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Best baking flours?

Hello.
I have been using, as was recommended, Aldi self-raising flour for some years. However, this formerly good quality product has over the last year seemed to have changed quite substantially in that it forms small solid lumps of flour (not as formally ground as fine?) and bakes to a moist chewy crust and not as formally to a good fine dry crisp crust, (thus no longer a good scone and cake baking flour).
Can anyone recommend a good baking flour please?
Thanks.

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Interesting observation. Have you checked the use-by dates on the flour? Is it being stored in a place that may be getting more moisture than formerly? Have you bought any other brands of flour to compare to see if the same happens?

We use Aldi self-raising interchangably with Woolies home brand, and occassionally Coles home brand. We use it in breadmaking, pancake batter, baking, scones, etc and haven’t noticed any change or difference in the products in relation to clumping.

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I buy all my organic flour online from Santos in Byron Bay/Mullumbimbi, never had any issues with it clumping, but do need to store it in the fridge or freezer until use as sometimes moths appear in it. That’s something I am happy to put up with, in the knowledge that it hasn’t been soaked in toxic chemicals.

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I just use home brand :upside_down_face: and currently, white wings. If I could find small bags of Manildra I’d use that. Try a cake or scone flour and see if that helps. (I think Anchor do a scone flour)

I wanted the storage tin for the self raising flour, that’s why I’m using white wings, but usually use home brand.

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I make my own self-raising flour as I don’t bake very often and find that it has lost a lot of its strength by the time I get to finish the packet.

I either add Baking Powder to plain flour (2 tsps to a cup of flour),

or I make my own baking powder to add to 500g of plain flour:

1 teaspoon Bi-Carb soda
2 teaspoons Cream of Tartar
2 teaspoons maize or rice flour (to absorb moisture).

This helps me to avoid surprises with the self-raising flour.

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If you were in Tassie and a frequent user of flour, we highly recommend Tasmanian Flours Mills flours. We use them in business and it is the best we have found. They have a shop front in Launceston where they sell bags of flour to the public. Their flours in their shop front are cheaper per kilo than the cheapest home brands…especially the larger bags.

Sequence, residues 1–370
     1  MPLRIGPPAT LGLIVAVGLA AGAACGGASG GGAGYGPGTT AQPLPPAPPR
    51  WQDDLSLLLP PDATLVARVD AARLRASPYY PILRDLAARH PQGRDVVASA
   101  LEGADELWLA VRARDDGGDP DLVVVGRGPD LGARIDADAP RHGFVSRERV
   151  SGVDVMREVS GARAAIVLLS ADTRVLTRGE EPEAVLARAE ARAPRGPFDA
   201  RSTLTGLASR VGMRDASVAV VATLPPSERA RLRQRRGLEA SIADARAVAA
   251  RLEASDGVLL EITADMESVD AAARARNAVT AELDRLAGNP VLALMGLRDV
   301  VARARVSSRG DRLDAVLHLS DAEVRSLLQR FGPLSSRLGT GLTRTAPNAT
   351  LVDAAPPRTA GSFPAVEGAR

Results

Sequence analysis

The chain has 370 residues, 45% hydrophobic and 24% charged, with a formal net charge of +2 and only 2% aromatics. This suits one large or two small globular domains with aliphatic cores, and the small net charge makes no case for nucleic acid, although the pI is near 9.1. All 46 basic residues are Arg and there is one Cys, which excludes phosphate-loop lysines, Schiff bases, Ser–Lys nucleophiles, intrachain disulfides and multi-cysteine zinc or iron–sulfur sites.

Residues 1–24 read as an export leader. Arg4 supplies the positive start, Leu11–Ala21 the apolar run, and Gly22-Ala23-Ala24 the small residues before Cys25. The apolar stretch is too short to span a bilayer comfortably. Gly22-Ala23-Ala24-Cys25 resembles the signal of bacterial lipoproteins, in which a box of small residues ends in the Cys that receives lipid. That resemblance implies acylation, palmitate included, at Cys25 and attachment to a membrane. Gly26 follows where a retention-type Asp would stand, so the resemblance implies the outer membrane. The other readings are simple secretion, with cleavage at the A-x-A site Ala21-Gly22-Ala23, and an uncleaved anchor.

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Thanks Gaby. What brand of flour please? The small solid lumps are of the batter, so seems that the flour once wettened, cannot break up . Maybe the moisture absorbing additive?

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Sorry All respondees, I was not explicit enough in that the flour was not clumping, it was after mixing it with the wet ingredients, like lumpy white sauce which no amount of mixing will break it down. I definitely will try Homebrand next thanks. I NEVER expected to receive all these responses on this topic!:-o Many thanks to all you great people out there :-))

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Oh no! How do we choose between material failure and PEBKAC? :grinning:

You’re welcome @MaryS.
I usually choose my flour depending on the amount of protein shown in the nutrition information on the package, according to what I’m baking.

A protein of 11/13% makes good bread but it’s unsuitable for cakes and scones etc, which need a low protein level (7-8%).

A general plain flour (about 9%) makes a good self-raising flour by adding Baking Powder, and also a good bread flour by adding Wheat Gluten (found at most health shops).

There are also brands, like Lighthouse,
that make special packets of Cake flour, etc, and those have the right protein level needed for a good outcome in baking.

I sympathise with you in finding that a favourite product has changed for the worst. Unfortunately it happens a lot.